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Wednesday, March 25, 2015

Data Mining and the death of surprise

A few years ago some enterprising players realized that they could glean information on upcoming MMO content by datamining the game. Posting this information on popular websites offered information-hungry players new insights into what the next patch had in store. Yet, at the same time every single MMO developer in the universe let loose a collective groan.

In the age of datamining, where versions are compared and contrasted by hundreds if not thousands of eager fans looking for any even minute changes there is no surprise anymore. On the one hand, there's nothing inherently wrong with players seeking information under every stone, especially in an age where forums are routinely clogged with toxicity and community managers have to don emotional armor to handle them. Players are information hungry after all, we want to know if we should stick it out with your game. A tidbit of information can determine whether we stay or move on to a competitor. Developers rarely brave those waters as it is.

On the other hand, the internet proliferates news faster than mono at a high school student's birthday party.1 Merely existing on social media can mean inadvertent exposure to spoilers of all kinds. Datamining can also open up the developer to feedback the mined content wasn't ready for.

Thanks to datamining League of Legend’s April fools skins were revealed before April 1st. Now it's possible that Riot has some other plans behind the scenes, but some of the big reveal is already out in the open.

Things aren't all bad, but it eliminates some of the mystery, and in cases like special events it removes any sense of an unveiling. It can also create problems for players that don’t want to know everything beforehand, as the community will expect that you know everything new going into each new patch. The knowledge can also be a problem for developers, who will suddenly find themselves on the receiving end of inquiries about changes that were experimental.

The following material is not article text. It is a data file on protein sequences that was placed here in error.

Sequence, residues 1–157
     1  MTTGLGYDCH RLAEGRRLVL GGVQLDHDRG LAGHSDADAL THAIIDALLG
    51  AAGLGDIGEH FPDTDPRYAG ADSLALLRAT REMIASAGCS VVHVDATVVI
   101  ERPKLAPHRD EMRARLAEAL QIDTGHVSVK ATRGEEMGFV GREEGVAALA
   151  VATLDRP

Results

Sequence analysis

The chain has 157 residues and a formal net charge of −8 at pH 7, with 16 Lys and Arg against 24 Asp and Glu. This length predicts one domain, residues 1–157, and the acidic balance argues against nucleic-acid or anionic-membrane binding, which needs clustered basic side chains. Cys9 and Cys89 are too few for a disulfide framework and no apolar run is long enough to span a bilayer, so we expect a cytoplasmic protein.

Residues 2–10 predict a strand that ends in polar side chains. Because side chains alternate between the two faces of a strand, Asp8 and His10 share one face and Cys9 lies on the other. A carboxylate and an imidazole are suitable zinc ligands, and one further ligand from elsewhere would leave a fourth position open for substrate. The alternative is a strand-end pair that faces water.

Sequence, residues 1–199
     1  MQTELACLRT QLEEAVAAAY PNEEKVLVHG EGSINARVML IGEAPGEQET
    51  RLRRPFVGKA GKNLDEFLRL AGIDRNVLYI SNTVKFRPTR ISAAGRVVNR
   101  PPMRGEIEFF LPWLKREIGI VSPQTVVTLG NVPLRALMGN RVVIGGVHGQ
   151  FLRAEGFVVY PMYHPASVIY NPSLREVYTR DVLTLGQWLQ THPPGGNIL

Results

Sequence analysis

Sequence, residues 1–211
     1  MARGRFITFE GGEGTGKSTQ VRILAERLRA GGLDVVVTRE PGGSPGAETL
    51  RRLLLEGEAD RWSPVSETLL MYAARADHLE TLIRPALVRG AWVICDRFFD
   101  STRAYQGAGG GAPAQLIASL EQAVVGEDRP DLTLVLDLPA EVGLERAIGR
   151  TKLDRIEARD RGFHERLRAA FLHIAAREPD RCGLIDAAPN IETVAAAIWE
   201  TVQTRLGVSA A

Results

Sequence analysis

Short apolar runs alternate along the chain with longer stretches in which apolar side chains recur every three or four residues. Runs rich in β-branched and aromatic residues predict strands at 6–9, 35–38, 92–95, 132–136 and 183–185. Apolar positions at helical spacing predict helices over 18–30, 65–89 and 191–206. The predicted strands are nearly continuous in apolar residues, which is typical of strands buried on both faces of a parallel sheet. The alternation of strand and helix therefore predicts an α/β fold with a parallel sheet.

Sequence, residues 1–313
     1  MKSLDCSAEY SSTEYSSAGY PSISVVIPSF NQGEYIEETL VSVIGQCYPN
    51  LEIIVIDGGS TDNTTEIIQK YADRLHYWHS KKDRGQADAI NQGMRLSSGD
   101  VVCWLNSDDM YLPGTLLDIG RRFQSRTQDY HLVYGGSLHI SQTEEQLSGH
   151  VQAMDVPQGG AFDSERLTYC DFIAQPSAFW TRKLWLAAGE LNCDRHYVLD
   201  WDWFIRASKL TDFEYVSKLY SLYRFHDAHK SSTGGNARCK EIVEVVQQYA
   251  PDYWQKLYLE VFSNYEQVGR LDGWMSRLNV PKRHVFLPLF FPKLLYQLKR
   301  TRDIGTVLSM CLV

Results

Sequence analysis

Much like how a DnD dungeon master might need to fudge rolls to improve the game, developers might occasionally need to "cheat" a little to make things work,2 and when a developer is relying on the digital dungeon master's screen of the game to hide some mechanics, it can get them some backlash when players are able to see around it. Just recently some enterprising dataminers figured out how to predict a "random" vendor inventory in Destiny. They even noticed that Bungie actually can tweak the vendor's inventory behind the scenes, and some are upset because they believed that Bungie was going to let the proverbial chips fall where they may.3

For good or for ill datamining is here to stay, but going forward I can't entirely blame developers for trying to hold back version updates and public test realms if it means exposing themselves to less knee-jerk feedback and to preserve a sense of surprise.

1 Not that I would know.
2 Though when we're talking about paid gaming experiences the amount of "cheating" we'll accept is significantly lower.
3 It's possible that they just randomized his inventory internally they had someone update his inventory, which still satisfies the "it's random" claim. Albeit inefficiently.

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